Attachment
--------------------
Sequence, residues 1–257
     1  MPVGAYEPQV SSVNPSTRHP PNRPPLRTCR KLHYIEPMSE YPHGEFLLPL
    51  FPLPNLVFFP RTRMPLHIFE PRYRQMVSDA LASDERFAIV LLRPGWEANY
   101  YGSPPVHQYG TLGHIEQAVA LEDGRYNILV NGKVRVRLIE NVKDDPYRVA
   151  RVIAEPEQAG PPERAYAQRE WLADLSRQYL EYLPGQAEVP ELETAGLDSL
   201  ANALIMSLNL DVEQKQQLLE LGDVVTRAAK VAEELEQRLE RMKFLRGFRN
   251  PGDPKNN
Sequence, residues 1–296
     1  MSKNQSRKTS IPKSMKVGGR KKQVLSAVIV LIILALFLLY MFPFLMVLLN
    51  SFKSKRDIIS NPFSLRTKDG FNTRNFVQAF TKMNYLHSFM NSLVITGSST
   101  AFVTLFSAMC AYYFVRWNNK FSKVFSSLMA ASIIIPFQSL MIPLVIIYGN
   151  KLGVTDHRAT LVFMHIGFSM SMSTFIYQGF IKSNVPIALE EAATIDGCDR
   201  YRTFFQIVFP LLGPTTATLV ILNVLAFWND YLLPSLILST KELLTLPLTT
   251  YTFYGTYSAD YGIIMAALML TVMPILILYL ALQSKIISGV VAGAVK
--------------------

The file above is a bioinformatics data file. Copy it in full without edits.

Sequence, residues 1–257
     1  MPVGAYEPQV SSVNPSTRHP PNRPPLRTCR KLHYIEPMSE YPHGEFLLPL
    51  FPLPNLVFFP RTRMPLHIFE PRYRQMVSDA LASDERFAIV LLRPGWEANY
   101  YGSPPVHQYG TLGHIEQAVA LEDGRYNILV NGKVRVRLIE NVKDDPYRVA
   151  RVIAEPEQAG PPERAYAQRE WLADLSRQYL EYLPGQAEVP ELETAGLDSL
   201  ANALIMSLNL DVEQKQQLLE LGDVVTRAAK VAEELEQRLE RMKFLRGFRN
   251  PGDPKNN
Sequence, residues 1–296
     1  MSKNQSRKTS IPKSMKVGGR KKQVLSAVIV LIILALFLLY MFPFLMVLLN
    51  SFKSKRDIIS NPFSLRTKDG FNTRNFVQAF TKMNYLHSFM NSLVITGSST
   101  AFVTLFSAMC AYYFVRWNNK FSKVFSSLMA ASIIIPFQSL MIPLVIIYGN
   151  KLGVTDHRAT LVFMHIGFSM SMSTFIYQGF IKSNVPIALE EAATIDGCDR
   201  YRTFFQIVFP LLGPTTATLV ILNVLAFWND YLLPSLILST KELLTLPLTT
   251  YTFYGTYSAD YGIIMAALML TVMPILILYL ALQSKIISGV VAGAVK